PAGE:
It's all been a bit quiet here lately. Too quiet, if you ask me. Alas, my output has been somewhat reduced by an exciting new website from the Royal Statistical Society, namely the online home of their quarterly magazine, Significance. (Do you see what they did there?)

So yes, what would have been content for Statscream has turned into content for Significance, and so whilst I have various things in the works that I'm pretty sure will only be suitable for this corner of the Internet, there will be numerous posts where I merely link to my pieces elsewhere.

My opening gambits, therefore, are:

Anyone Fore Golf - a look at whether there is evidence of home advantage in the Ryder Cup; and

Putting the Man in Man Booker - investigating the gender gap in literary prizes.

I have even become dangerously web 2.0 and set up a Twitter account - statacake - thus increasing my statistical Internetular outlets to 3. The hypothesis "do more means of communication result in less content" will be tested in due course...

So yes, what would have been content for Statscream has turned into content for Significance, and so whilst I have various things in the works that I'm pretty sure will only be suitable for this corner of the Internet, there will be numerous posts where I merely link to my pieces elsewhere.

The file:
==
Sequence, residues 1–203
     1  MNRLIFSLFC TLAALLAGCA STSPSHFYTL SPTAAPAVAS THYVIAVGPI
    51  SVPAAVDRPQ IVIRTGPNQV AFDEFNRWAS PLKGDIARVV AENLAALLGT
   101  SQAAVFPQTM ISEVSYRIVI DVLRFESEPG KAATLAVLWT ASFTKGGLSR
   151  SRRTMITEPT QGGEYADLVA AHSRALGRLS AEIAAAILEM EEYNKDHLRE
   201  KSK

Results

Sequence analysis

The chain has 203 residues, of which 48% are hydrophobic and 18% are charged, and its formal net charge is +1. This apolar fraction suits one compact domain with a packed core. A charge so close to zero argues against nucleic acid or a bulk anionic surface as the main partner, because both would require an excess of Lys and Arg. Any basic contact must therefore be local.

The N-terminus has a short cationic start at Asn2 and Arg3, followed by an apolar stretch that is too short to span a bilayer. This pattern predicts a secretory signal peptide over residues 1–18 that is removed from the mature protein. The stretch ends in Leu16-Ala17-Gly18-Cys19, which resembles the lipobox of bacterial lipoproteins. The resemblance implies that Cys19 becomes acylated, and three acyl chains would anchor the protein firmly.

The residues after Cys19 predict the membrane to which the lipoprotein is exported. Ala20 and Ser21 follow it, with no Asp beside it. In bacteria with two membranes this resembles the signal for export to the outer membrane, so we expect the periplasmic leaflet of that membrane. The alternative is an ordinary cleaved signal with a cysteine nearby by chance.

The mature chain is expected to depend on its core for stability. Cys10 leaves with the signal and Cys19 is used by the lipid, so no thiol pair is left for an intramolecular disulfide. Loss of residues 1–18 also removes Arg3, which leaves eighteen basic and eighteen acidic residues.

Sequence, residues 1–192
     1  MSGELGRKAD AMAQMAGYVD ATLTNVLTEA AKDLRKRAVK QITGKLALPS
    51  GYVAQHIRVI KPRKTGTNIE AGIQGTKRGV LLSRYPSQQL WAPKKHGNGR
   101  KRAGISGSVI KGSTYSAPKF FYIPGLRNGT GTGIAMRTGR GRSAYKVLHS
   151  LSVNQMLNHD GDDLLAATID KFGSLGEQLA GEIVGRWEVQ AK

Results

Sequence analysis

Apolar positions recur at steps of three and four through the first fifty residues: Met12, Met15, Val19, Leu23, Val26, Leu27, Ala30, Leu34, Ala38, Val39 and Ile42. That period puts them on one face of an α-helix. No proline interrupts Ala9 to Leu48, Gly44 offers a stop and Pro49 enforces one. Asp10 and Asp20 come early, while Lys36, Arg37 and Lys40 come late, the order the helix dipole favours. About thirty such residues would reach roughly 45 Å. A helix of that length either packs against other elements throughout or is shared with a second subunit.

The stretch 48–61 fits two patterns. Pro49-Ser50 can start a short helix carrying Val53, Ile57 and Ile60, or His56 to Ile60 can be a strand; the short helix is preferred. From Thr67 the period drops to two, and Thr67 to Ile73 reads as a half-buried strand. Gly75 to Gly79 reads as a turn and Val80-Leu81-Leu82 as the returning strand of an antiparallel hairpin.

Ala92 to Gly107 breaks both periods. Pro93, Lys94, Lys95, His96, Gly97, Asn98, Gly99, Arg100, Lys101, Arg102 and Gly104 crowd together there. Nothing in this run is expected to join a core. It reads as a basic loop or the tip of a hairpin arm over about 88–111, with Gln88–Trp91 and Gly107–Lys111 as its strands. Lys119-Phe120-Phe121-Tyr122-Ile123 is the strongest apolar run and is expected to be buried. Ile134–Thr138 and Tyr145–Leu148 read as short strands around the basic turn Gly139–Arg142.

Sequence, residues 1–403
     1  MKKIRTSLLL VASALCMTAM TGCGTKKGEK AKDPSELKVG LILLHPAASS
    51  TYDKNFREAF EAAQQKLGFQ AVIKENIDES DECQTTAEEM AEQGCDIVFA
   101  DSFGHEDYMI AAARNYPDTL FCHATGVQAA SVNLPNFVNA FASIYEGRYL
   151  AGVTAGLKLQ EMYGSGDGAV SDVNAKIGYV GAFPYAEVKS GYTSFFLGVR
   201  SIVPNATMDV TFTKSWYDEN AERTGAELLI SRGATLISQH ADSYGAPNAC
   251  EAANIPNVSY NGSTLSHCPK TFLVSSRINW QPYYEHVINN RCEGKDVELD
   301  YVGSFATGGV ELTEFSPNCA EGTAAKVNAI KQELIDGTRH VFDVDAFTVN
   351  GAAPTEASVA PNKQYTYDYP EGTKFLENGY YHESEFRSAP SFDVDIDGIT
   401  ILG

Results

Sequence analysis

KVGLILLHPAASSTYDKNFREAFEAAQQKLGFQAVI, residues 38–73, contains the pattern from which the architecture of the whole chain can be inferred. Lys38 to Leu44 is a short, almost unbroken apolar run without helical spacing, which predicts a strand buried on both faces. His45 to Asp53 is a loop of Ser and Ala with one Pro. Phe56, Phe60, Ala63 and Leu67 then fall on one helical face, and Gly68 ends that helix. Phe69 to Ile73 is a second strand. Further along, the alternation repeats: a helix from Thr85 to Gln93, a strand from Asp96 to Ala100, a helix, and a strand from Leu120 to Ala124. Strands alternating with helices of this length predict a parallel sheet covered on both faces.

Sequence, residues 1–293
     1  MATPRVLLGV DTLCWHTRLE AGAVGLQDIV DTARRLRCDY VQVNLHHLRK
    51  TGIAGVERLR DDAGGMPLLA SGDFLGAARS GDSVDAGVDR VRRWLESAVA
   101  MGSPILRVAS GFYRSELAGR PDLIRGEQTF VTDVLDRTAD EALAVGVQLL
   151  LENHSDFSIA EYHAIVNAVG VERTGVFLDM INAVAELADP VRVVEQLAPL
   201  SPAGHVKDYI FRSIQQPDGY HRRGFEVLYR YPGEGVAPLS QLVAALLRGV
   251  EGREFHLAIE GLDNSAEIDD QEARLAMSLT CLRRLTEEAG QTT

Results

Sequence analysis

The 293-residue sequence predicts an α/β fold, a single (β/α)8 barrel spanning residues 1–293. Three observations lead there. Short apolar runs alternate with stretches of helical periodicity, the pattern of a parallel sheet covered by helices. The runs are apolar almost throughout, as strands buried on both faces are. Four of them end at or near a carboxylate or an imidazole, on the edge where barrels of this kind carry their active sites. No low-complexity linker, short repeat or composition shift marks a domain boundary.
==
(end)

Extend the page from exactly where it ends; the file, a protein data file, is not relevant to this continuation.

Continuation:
My opening gambits, therefore, are:

Anyone Fore Golf - a look at whether there is evidence of home advantage in the Ryder Cup; and

Putting the Man in Man Booker - investigating the gender gap in literary prizes.

I have even become dangerously web 2.0 and set up a Twitter account - statacake - thus increasing my statistical Internetular outlets to 3. The hypothesis "do more means of communication result in less content" will be tested in due course...

## Saturday, 18 September 2010

### Rank Outsiders

The latest round of international University rankings recently came by, so I thought I'd whip up a quick graph to look at how countries performed compared with their GDP. As usual, I didn't fancy doing anything complicated, so I just totalled up the scores for every university from each country, and plotted them against their GDP according to the IMF in 2009.

So there you go. Fairly scattered around a (least squares) line of best fit, with an R-squared of 0.7, but the UK is by far the most outlying country, ostensibly punching well above its weight. Other things to compare university rankings with are available.

So there you go. Fairly scattered around a (least squares) line of best fit, with an R-squared of 0.7, but the UK is by far the most outlying country, ostensibly punching well above its weight. Other things to compare university rankings with are available.

## Sunday, 12 September 2010

### Notorious Voting Scenes

One of the unceasing complaints about the Eurovision Song Contest is that ever since the introduction of televoting the contest has been dominated by 'political' (particularly diaspora) voting. In an attempt to combat this, the organisers recently introduced a part jury, part televote system, where the points awarded by a jury of 'experts' would be given equal weight to those from the televote. In theory the juries will be much more objective, and less easily swayed by 'extramusical' matters.